Five lessons for how to win a World Championship
Published on August 23rd, 2018
Lesson #1: Work on your weaknesses.
The Snipe Women’s Worlds in Newport included four days of sailing in a wide variety of conditions, just as any world championship should. Sailors have different specialties, and though mine has always been light air, we won the event on the final and windiest day because we’ve been working hard to get stronger and faster in big breeze.
Lesson #2: Choose your best teammate, and then hold onto her with both hands.
I am lucky enough to sail with Kim Couranz, an incredible teammate and friend. We first met as Snipe crews back in the late 1900s, passing time in the shower line chatting about our skippers’ quirks; I enjoyed her quick wit and positive outlook, while on the water I admired how hard she hiked. (Twenty-plus years later, all of this is still the case.)
The Snipe is a crew-driven boat, and even though we idiots on the tiller get most of the credit we do only about thirty percent of the work.
Kim and I first sailed together in 2005, but we really committed to a Snipe program in 2010 and are now recognized as one of the most “seasoned” teams on the international circuit. After so many races (and dinners, and even a few protests) together, we know each other’s weaknesses; we do our best to offset, rather than harp on them. We also know each other’s many strengths, and in tough situations we remind each other to focus on those and let the rest sort itself out.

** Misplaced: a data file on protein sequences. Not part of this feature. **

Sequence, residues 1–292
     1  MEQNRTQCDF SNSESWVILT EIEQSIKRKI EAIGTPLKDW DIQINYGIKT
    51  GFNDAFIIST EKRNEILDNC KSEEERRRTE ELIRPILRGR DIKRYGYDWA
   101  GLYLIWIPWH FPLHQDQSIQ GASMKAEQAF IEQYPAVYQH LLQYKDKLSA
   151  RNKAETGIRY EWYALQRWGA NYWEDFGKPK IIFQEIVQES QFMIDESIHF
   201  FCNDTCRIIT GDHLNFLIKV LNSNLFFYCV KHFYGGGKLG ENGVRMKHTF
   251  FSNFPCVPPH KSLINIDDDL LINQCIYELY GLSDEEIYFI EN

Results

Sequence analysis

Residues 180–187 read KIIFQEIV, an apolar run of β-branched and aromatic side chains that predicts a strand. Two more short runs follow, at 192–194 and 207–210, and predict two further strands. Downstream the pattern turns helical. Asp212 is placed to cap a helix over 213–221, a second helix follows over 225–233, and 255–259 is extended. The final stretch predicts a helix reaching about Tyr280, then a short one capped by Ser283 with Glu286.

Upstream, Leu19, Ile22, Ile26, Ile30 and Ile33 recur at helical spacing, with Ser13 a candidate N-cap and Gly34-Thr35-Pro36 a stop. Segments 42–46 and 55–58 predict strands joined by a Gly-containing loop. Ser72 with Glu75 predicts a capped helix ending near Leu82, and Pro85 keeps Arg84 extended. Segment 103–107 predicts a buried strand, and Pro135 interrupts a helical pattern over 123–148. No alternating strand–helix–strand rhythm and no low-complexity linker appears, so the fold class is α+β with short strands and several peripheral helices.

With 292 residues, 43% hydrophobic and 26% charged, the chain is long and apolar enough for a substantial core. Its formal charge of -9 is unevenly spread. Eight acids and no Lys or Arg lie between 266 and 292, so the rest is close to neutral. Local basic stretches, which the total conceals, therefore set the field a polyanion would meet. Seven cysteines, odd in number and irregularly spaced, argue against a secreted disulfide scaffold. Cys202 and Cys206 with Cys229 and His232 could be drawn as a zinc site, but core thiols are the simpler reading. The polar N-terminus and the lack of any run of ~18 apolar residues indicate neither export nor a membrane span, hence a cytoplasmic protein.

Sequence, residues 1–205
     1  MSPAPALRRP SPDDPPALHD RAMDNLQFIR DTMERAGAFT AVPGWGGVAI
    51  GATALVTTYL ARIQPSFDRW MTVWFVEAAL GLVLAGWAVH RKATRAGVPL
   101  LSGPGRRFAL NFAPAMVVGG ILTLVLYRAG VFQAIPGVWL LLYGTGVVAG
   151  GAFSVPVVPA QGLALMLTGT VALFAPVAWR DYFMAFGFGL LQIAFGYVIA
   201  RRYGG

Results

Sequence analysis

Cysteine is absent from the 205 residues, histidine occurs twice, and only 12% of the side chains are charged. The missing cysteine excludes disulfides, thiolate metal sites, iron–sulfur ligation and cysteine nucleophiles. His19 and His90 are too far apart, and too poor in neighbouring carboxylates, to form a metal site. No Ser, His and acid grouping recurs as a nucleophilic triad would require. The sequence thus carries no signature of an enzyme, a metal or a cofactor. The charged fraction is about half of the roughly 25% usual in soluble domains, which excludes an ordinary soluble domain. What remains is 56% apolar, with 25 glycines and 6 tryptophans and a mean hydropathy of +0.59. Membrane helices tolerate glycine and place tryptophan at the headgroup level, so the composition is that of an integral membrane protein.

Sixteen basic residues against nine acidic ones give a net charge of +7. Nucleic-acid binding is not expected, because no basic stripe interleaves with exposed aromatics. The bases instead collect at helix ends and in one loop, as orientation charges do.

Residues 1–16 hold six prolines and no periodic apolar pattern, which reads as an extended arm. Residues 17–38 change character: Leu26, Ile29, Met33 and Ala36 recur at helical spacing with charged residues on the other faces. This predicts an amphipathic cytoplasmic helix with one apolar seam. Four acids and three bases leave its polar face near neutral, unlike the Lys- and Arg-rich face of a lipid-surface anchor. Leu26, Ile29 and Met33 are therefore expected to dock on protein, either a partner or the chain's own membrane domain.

Lesson #3: Regattas are won (or lost) long before they start.
Once Kim and I committed to sailing the Women’s Worlds, we both focused on reducing distractions. I finally crossed off all the items on my boat work list, and I also told clients I would not be available during the event (something I rarely do). When the regatta began we were rested and ready, and our first and only priority was going sailing.
Lesson #4: Fuel right today to get ready for tomorrow.
We’d both learned (over and over) that proper fueling and hydration could make or break our results. Hammer Nutrition keeps us fueled and hydrated on the water, but off the water we made sure to eat when we were hungry—rather than when the regatta organizers provided food.
Lesson #5: It doesn’t have to be perfect, it just has to be better than the rest.
I will be the first to admit that we didn’t sail a perfect regatta. Most of our starts were, to put it kindly, abysmal—another weakness to work on. It would’ve been easy to give up, but instead we quickly focused on the opportunities ahead. Fortunately the conditions—and our great boat speed, developed over eight years of working together—allowed us to move up through the fleet.
Just before the start of that last windy race, one point out of first place, I thought to myself: This is where all our hard work pays off. Right here, right now. And after a world-class start at last, we got the job done.